• 2 months ago

    -I spent my first 17 years very near the railroad tracks.  I grew up in a very small rail town.  I don't think I ever really paid much attention to them except when a cousin was there who was obsessed with trains.  Every time he heard a train he would take off for the station.  Of course, it became my job to follow him and drag him back.  My father was an engineer and my grandfather was a conductor. 

  • Barry
    Lv 6
    2 months ago

    Yes. I live about 20 yards from a main line. I sleep like a baby. You get used to it quickly.

  • F
    Lv 6
    2 months ago

    I grew up near a railway line. My Dad commuted by train so it’s one reason they bought the house. It was near a station so trains were slowing to stop so we didn’t get the noise of high 

    speed trains.

    However it was on a long bend and you got that screeching noise as trains rounded the corner. It was enough to wake you up when the first train in the morning ran.

    It really depends on how busy the line is and the speed of trains passing. At least look up a timetable.

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  • 2 months ago

    Try asking your potential neighbors what they think of it. 

    When I was a kid we lived right next to a train line, but it was never a problem as it only ran during the day - if I recall correctly the first train was about 0830 and the last at 1800.  We used to rush up the garden to wave to the driver, quite a few gave us a toot in passing.  We've no idea what happens with the one near your place.

  • Scott
    Lv 7
    2 months ago

    Years ago, we moved to a house about 500' from a rail line. I didn't think the track was used anymore. Every morning around 5:00, the train would come down the track blasting its horn at all the crossings along the way. After awhile, we didn't even notice it.

  • 2 months ago

    I did for a while...I guess you get used to it, but never completely. Guests would always ask how we slept thru that? It seemed like a train would pass right when they were revealing the killers name or such on tv. ha ha I'm glad I moved away.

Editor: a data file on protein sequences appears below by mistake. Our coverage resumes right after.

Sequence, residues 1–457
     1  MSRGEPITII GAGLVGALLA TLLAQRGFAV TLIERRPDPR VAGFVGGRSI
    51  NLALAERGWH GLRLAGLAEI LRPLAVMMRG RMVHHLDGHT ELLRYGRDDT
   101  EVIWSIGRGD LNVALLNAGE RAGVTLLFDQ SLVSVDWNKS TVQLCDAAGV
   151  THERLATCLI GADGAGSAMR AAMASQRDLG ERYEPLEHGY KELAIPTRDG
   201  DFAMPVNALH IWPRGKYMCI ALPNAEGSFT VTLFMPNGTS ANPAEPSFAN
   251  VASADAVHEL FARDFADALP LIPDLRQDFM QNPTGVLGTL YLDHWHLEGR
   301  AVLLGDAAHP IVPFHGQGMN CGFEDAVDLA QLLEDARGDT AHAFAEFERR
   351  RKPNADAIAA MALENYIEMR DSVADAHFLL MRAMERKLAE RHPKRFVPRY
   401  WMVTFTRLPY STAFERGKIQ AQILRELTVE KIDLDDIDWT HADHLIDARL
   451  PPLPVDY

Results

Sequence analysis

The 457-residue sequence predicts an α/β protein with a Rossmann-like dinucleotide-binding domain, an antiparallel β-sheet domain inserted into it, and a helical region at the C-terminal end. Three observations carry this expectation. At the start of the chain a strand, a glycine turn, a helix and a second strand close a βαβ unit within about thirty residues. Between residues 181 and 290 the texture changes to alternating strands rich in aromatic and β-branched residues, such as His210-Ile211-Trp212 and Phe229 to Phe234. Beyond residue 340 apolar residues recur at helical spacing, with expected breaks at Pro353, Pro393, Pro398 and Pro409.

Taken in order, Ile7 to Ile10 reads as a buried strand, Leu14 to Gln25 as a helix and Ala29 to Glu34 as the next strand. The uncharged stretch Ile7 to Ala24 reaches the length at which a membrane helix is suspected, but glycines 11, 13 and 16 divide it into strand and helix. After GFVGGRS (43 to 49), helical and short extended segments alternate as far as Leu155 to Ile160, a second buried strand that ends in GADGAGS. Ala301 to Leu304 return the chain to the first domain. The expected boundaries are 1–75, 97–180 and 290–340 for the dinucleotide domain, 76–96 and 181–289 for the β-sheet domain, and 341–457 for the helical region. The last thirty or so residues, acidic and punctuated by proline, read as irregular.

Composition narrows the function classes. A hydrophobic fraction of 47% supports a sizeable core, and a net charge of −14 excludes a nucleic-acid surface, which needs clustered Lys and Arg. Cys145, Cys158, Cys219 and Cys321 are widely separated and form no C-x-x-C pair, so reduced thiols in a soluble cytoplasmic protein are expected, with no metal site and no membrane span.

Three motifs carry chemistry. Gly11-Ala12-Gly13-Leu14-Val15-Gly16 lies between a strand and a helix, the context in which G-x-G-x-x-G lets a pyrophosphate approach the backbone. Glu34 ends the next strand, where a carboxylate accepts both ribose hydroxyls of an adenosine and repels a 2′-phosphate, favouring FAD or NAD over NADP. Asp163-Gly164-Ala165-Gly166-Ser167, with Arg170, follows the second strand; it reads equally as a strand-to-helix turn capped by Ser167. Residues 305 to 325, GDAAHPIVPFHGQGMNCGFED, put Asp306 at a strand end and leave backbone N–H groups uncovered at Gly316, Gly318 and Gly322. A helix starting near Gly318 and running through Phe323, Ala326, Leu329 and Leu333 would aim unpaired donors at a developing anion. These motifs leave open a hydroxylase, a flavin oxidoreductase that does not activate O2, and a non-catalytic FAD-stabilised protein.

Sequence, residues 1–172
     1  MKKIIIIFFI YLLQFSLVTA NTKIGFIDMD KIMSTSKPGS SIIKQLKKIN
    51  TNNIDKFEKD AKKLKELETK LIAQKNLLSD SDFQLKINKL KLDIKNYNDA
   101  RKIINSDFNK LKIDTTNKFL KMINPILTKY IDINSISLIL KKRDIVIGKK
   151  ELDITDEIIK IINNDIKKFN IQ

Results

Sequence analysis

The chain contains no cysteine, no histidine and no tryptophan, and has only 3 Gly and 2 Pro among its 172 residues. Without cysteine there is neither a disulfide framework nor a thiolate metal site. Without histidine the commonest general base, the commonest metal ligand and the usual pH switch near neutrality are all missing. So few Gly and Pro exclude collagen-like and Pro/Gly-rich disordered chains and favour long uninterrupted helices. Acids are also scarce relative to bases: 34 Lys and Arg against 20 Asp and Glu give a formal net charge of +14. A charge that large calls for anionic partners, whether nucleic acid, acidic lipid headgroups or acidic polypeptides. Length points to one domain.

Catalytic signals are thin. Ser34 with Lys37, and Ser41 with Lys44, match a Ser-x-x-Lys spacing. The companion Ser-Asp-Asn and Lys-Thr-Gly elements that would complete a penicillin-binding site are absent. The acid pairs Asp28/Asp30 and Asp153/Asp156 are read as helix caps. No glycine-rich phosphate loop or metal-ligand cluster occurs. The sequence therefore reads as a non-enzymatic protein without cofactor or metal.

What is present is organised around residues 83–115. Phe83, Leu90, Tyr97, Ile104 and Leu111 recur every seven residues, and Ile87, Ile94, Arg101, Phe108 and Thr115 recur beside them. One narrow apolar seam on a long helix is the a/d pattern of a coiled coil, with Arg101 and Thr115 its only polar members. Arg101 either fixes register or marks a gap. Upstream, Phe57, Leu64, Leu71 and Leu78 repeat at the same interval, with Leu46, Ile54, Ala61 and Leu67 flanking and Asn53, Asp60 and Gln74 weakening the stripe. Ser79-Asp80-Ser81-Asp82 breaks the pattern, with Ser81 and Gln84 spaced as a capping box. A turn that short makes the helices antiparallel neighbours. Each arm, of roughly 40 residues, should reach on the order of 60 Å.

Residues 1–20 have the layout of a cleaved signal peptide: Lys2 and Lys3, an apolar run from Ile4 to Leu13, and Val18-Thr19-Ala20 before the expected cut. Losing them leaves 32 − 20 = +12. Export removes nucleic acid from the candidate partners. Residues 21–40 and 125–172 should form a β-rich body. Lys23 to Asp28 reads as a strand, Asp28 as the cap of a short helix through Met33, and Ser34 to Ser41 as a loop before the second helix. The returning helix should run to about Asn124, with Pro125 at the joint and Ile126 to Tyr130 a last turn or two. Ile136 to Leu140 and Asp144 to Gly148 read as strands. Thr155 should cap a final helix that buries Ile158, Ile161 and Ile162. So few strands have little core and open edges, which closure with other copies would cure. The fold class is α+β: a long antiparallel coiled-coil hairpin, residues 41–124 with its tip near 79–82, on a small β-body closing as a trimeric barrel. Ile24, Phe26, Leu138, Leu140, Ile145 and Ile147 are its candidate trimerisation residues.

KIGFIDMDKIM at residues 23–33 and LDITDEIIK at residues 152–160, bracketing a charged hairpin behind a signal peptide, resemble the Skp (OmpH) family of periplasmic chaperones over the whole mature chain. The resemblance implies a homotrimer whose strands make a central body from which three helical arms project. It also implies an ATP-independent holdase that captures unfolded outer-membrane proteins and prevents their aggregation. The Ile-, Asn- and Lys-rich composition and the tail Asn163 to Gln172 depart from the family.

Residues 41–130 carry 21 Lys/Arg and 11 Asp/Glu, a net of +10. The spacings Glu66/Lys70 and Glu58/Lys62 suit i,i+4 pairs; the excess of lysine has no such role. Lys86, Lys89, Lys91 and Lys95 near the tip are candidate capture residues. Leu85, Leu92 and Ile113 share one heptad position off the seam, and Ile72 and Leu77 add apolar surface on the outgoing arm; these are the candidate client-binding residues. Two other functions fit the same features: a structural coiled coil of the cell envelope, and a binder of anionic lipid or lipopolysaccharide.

• 2 months ago

    It is bound to feel and sound loud at first.  But you will be surprised at how well you will adjust to it.   Had a friend who lived a few feet from the track .  When the train went by, everybody froze where they were and in mid sentence.  Then when the train was gone they picked up again and carried on.  Nobody even blinked at the interruption.

         The only real problem might be if you decide to sell.  You will have to convince buyers that it is not so bad.

  • 2 months ago

    I lived above a subway for a year. Only felt the vibrations occasionally but it did rattle my windows every 5 to 10 minutes so I got some rubber weather stripping and that fixed it.  Why not ask your neighbors how often the train passes and I'd they have any issues?  How close are you? 50 feet?  100 feet?  Are you near an intersection?  If there's a noise ordinance, it'll be posted on the rail guards. Some cuties do not allow the trains to blow their horns so you have to be extra vigilant when crossing. 

  • 2 months ago

    Lived for a short time in a house where the outside corner of the kitchen was probably 3 feet from the railroad track.  Had about four or five trains a day that when by the house.  At least one during the night every night.  You get use to it.  (The owner of the house was the engineer on one of the trains.)

    You did not tell us how far it is between your house and rails.  Without that information we have no guess how much noise and vibration there would be.

    This is a question to ask the realtor.  They should be able to find out how often the track is used.  Whether they come through in the day or at night, etc.  There is a track near where I live now, but it is used once a week on Tuesday morning to do a pickup at a small furniture factory.  So the noise and vibration is not an issue.